Setting Expectations

•  Start by writing a contract.  That details all the conditions of your nanny's employment, such as hours, wages, benefits, and instructions about caring for your child. But ideally you should also make a plan to meet and talk over everything before your nanny's first official day, since a document can't cover all the fine points of a parent-caregiver relationship. Be open-minded and remember, no issue is too small to discuss. Some topics to review:

•  Your childcare philosophy. Obviously, you and your nanny share some common ground (that's one reason you hired her), but do you part ways on certain points? Decide how you'll address a specific situation (for example, toilet training or temper tantrums) ahead of time. And go over big issues, such as sleep, nutrition, and discipline, in as much detail as possible.

•  The house rules. Your nanny needs to know how you run your home. Be sure and discuss the kitchen as well — is it okay if your nanny helps herself to the food in your home, or do you want her to bring her own?  Obviously, your rules extend to activities outside the home. So if your nanny has use of your car, make sure she knows the ground rules. (Remember to include your nanny on your car insurance policy so she's covered in an accident.) You may want to ride with her once or twice to make sure you're comfortable with her driving skills.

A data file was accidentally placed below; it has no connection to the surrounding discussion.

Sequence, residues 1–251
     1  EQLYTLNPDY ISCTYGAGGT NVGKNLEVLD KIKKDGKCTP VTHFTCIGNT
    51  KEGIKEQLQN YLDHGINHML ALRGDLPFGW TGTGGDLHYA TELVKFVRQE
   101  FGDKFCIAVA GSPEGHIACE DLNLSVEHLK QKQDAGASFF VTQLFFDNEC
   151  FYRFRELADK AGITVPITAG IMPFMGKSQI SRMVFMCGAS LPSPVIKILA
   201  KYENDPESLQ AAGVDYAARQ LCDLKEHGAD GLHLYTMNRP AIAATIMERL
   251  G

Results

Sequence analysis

•  Ways to keep in touch. Decide ahead of time how you'll keep each other abreast of how it's going or bring up any questions or concerns. Schedules a weekly or monthly meeting to assure you are all on the same page. A collaborative dialog with open communication is essential for the relationship.

•  Pet peeves. Are there any habits you absolutely can't tolerate, such as tardiness or cell phone use? Be direct about it now to avoid tense discussions later. If your nanny is young, you may need to discuss personal-life issues — is it okay for her to meet a friend at the park with your child? This discussion should be a two-way street. Ask your nanny about her experiences with previous employers.  Knowing about these pitfalls ahead of time will help both of you avoid them.

•  A backup plan. Talk about what you'll do if your nanny is sick or unavailable due to an emergency.  Having a back up plan in these instances is a smart thing to do.